North American Army Ants

June 17, 2020

Most people are familiar with the army ants of South America and the driver ants of Africa featured in many nature documentaries, but few are aware army ants also occur in North America.  There are 30 species of army ants from the Neivamyrmex genus and 1 species from the Novamyrmex genus living on this continent.  North American army ants differ from those of South America and Africa.  North American army ants cross the landscape in more narrow spear-headed swarms than those of their tropical cousins.  Nevertheless, they are just as predatory.

Neivamyrmex nigrescens, Arizona

A species of North American army ant.  Notice how thick their antenna are. Years ago, I witnessed army ants tearing apart an earthworm in Columbia County, Georgia. This photo is by Alex Wild from the below link.

Army ants don’t live in permanent nests.  Instead, they alternate between foraging and stationary phases.  During foraging phases they roam across the land searching for food to feed their larva.  They mostly eat other ants and are built to subdue other species.  They have muscular bodies and thick antennas that other ants can’t bite through.  When the larva go into the pupa stage, army ants enter the stationary phase and live within a swarm of their own bodies.  Colonies produce new queens every 3 years, and the colony will split into 2 after the new queen is born.  Most army ant colonies perish when the queen dies, but some manage to track down a closely related queen and will merge with that colony.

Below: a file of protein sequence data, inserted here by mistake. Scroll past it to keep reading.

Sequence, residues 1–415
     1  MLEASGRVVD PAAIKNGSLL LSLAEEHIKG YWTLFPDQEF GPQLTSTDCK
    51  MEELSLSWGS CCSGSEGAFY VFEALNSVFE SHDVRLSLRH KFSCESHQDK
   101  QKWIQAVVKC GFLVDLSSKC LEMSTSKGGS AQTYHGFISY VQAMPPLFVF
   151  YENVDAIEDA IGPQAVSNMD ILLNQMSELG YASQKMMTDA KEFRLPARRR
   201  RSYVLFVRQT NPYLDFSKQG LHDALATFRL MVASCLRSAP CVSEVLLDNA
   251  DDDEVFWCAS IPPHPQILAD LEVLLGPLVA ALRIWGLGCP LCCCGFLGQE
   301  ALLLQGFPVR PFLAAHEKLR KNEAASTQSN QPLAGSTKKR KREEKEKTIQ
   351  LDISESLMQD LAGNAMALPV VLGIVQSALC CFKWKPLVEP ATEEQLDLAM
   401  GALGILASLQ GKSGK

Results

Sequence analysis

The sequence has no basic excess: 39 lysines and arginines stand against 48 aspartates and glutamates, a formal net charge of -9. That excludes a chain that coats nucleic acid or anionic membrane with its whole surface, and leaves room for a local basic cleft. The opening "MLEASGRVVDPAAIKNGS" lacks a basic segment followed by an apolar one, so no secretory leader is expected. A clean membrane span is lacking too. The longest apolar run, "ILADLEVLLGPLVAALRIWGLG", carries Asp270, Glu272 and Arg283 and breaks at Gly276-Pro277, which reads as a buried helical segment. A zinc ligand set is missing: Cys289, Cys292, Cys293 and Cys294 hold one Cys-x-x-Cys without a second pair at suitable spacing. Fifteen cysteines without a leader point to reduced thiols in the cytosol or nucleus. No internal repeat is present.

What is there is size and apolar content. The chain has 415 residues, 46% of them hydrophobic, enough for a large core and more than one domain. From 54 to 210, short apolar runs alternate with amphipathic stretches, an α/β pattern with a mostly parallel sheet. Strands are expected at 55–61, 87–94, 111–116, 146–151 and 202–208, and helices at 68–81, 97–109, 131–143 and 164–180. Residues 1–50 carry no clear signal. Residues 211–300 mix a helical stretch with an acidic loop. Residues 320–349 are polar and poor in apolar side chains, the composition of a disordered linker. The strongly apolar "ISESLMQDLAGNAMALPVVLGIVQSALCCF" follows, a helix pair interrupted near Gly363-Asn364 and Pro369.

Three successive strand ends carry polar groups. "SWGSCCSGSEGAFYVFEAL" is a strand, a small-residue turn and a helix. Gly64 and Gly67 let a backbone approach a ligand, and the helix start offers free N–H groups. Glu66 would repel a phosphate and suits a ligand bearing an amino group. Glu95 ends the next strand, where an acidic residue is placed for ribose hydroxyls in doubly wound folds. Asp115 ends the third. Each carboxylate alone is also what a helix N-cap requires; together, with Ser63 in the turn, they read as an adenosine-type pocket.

There are over 200 species of army ants worldwide including 5 genera in the Americas and 2 genera in Africa and Asia.  A study of army ant genetics determined some genera of American army ants are closely related to African army ants.  They diverged 100 million years ago before Africa and South America drifted apart.  Other genera of army ants are not closely related to other army ants and are examples of convergent evolution.

neivmap1

Range map of army ants in North America.  Map is also from the below reference.

Cold climate apparently is a limiting factor for army ant distribution, but it might not be the temperatures.  I noticed in the map of their distribution that the northern limits of their range approximately corresponds to the southern limit of Ice Age glaciers.  Like many species of trees, they simply have been unable to colonize deglaciated territory even though they can survive the cold temperatures of Iowa and Nebraska.

Reference:

Most of the information for this blog entry comes from Alex Wild, a Texas entomologist.  This links to his website.

http://www.myrmecos.net/2008/12/14/army-ants-of-the-north/

Another Pleistocene Survivor–The Bird-Voiced Tree Frog (Hyla avivoca)

June 11, 2020